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Awesome job, Michel. You really got us thinking and questioning, which equate to learning. :woohoo: :thanks:
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Just used the quick selection tool to select the area I wanted color, selection inverse and hit the B&W layer mask
presto background was black an white.
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Now that was interesting, Nolan.... This moved out of the clipping mask area didn't it? -L
I am loving it, for sure. Thanks Michel! And all the others who have contributed to my foggy reasoning. -L
Let me throw in one more example to expand on Michel's comments.
If you hijack an adjustment layer, you really have only three layers. Because the eyeball is turned off of the BG layer, think if it as not being there. When you use an adjustment layer to provide the mask, remember that White Reveals and Black Hides. And understand, we are hiding or revealing whatever is on the layer just above the adjustment layer -- the layer that is grouped with the adjustment layer (indented + the bent arrow)

LayerMask-How2.jpg
LayerMask-How2.jpg (97.23 KiB) Viewed 1257 times


Note that in one of these I used a Levels adjustment layer, in the other I used a Hue/Sat adjustment layer; it makes absolutely no difference. When the adjustment layer is created by Elements, the entire mask is white -- everything in the above layer is revealed and, thus, covering up whatever is in the layer below the adjustment layer.

Note that in one I put the color layer on top - you paint the mask in black where you want to hide what is in the color layer and reveal what is in the B&W layer below. On the other example I put the B&W layer on top - when you paint in black here, you are hiding what's on the B&W layer and revealing what is on the color layer below.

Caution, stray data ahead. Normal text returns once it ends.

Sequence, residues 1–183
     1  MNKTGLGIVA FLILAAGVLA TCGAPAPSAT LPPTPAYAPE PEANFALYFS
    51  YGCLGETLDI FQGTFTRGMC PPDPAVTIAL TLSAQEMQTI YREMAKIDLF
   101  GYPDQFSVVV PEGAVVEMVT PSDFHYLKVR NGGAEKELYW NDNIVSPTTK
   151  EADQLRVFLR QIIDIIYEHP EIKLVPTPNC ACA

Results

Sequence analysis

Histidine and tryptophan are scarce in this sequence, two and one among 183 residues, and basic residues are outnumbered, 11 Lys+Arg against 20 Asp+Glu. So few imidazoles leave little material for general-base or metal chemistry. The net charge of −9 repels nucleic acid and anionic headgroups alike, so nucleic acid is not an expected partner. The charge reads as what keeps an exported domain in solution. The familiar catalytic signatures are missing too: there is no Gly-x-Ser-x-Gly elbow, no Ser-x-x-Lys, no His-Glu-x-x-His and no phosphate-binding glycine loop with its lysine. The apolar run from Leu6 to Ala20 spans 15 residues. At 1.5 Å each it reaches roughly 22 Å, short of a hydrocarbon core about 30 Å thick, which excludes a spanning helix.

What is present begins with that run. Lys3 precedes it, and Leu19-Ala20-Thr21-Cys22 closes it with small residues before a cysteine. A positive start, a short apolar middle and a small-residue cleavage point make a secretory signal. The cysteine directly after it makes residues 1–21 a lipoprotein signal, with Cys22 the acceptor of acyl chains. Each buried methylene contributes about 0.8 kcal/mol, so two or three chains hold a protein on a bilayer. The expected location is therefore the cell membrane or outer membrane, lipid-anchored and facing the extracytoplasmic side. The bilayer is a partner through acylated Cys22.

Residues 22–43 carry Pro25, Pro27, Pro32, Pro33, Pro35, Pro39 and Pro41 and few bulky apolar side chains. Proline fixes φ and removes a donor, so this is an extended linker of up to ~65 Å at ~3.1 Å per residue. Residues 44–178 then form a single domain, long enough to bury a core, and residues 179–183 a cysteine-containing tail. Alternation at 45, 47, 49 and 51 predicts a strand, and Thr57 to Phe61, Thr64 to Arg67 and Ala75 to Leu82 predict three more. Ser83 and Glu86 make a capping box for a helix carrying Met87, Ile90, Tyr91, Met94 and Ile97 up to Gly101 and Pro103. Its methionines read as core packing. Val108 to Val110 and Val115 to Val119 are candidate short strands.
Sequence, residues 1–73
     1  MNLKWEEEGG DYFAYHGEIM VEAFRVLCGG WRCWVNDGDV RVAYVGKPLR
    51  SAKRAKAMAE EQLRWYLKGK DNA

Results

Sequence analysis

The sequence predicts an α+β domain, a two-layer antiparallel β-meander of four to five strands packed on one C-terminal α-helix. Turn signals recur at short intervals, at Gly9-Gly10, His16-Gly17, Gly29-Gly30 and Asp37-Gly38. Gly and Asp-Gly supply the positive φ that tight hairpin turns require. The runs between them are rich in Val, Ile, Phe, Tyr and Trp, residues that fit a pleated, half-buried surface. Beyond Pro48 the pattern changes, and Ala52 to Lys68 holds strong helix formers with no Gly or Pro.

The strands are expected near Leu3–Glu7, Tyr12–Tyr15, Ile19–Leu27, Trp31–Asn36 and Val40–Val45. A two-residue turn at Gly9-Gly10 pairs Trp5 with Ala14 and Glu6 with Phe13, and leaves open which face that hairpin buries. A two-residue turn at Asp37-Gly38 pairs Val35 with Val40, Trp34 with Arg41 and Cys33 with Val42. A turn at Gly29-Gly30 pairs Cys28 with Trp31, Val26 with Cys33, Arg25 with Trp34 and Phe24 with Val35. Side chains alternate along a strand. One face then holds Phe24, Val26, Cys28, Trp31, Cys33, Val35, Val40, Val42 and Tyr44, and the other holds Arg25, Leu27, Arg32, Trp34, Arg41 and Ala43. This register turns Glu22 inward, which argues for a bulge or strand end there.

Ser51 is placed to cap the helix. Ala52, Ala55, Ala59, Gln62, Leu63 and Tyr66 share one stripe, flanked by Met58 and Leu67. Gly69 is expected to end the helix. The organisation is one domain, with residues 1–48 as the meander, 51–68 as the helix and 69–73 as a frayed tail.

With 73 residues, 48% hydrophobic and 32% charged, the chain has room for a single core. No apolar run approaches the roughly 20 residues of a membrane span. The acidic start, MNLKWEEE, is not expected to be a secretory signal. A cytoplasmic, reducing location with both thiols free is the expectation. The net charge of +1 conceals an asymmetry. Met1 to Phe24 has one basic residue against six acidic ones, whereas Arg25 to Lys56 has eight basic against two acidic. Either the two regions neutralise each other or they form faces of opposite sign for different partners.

Here is one last image to show what the mask is doing.

LayerMask-How3.jpg
LayerMask-How3.jpg (85.68 KiB) Viewed 1257 times


You can do the exact same thing with two layers and an eraser. The problem is, any error is fatal. Erase the wrong thing, and miss catching it immediately to use Undo, you have to start all over. The black paint on the layer mask is acting exactly like erasing the pixels -- it is hiding them, blocking them from showing. If you screw up with the mask and paint something black that you want to show, simply switch your color to white and paint over the black. Voila - the image is restored.

There are at least two other easy ways I can think of to blend B&W with color -- I'm sticking with this one because I thought that was the subject/point of this excellent thread.

Rusty

PS - how many Elements Users does it take to change a light bulb? Five - one to change the bulb and four others to tell him/her there is another, easier way to do it :biggrin: That's the nice thing about Elements, lots of roads lead to the exact same place.
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That is correct farabee there is only two layers required,
the background (picture color) and the B&W layer filter adjustment.
Note this is in CS3 I have not tried it in Elements 5 or 6.